The nature of ethics involves doing the right thing. Philosophers can argue all day about what that exactly means. At work, there is no debate. Ethics codes and policies define right and wrong behaviors and prohibit actions that can harm individuals, companies or communities. By following your company’s ethics policies you can avoid causing harm to others – and be a better person as a result.
You and your colleagues have moral compasses that guide your decisions and actions. Ethics policies and training help you to adjust or calibrate your compass to address work situations. When everyone’s compass points in the same direction, you work together toward common goals. A collaborative and positive environment makes it possible to accomplish things faster and better. Working toward the common good helps eliminate the selfishness that can cause problems for the community.
Strength in Numbers
A company culture based on common goals and morality tends to isolate those who are inclined to challenge the system. Since there really is strength in numbers, unethical behaviors will become more apparent and violators will understand that their actions will not be tolerated. If your workplace culture is still a work in progress, just do the right thing yourself. Follow company policy and report unacceptable behaviors whenever you witness them.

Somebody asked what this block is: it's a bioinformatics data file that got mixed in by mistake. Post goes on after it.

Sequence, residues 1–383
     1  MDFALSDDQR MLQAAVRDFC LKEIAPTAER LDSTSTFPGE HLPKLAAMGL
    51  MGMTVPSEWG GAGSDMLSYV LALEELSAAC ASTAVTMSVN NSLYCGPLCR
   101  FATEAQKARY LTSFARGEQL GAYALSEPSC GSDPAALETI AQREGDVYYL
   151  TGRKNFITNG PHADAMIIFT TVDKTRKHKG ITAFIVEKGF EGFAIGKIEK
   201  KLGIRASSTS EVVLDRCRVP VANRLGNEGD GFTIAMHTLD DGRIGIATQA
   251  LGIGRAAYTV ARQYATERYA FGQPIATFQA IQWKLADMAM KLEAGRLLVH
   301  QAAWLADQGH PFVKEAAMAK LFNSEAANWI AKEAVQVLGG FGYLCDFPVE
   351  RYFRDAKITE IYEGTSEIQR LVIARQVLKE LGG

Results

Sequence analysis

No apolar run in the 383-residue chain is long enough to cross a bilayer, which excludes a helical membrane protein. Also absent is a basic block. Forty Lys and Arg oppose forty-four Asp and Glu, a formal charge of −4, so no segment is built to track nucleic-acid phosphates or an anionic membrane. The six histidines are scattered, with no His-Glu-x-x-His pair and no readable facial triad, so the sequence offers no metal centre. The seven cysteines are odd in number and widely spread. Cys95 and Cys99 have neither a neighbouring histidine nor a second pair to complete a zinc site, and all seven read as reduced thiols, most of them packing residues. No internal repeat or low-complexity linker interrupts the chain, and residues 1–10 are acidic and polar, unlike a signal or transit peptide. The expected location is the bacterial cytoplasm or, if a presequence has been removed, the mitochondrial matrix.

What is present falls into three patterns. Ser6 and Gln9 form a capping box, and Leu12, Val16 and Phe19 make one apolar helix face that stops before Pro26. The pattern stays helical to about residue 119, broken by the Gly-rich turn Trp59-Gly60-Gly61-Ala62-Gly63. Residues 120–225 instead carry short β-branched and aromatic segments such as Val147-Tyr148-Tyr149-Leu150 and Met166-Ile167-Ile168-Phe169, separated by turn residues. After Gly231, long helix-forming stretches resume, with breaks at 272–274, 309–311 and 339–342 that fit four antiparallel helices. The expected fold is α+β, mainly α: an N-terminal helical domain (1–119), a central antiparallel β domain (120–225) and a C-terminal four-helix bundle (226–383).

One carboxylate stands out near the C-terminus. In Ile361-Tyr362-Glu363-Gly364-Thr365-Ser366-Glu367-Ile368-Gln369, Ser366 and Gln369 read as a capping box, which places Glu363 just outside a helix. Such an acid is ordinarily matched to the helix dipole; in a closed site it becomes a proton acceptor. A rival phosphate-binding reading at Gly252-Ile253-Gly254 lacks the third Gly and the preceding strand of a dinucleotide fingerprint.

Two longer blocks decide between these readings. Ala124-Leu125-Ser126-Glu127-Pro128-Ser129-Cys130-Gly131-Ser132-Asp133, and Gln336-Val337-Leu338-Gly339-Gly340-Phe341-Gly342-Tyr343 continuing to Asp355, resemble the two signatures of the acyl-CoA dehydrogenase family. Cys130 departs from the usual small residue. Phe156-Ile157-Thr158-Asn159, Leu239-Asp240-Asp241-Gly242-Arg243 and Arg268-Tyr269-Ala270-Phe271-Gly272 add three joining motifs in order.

The Ethical Leader
Managers and executives play a critical role in helping to calibrate an organization's moral compass. They lead by example, whether they intend to or not. Ethical leaders will prompt employees to make ethical decisions and respond to situations appropriately. Ethical management practices make leaders better people and, by extension, those whom they supervise.
Teamwork and Ethics
Employees should always promote the overall success of their team. Having the integrity to credit your colleagues for their contributions helps to establish an atmosphere of openness and information sharing, and helps you to build better relationships. Colleagues will want to work with you on future projects, and managers might begin to see your leadership potential. You not only become a better person, but you lead by example and encourage the same behavior among your colleagues.
A careers content writer, Debra Kraft is a former English teacher whose 25-plus year corporate career includes training and mentoring. She holds a senior management position with a global automotive supplier and is a senior member of the American Society for Quality. Her areas of expertise include quality auditing, corporate compliance, Lean, ERP and IT business analysis.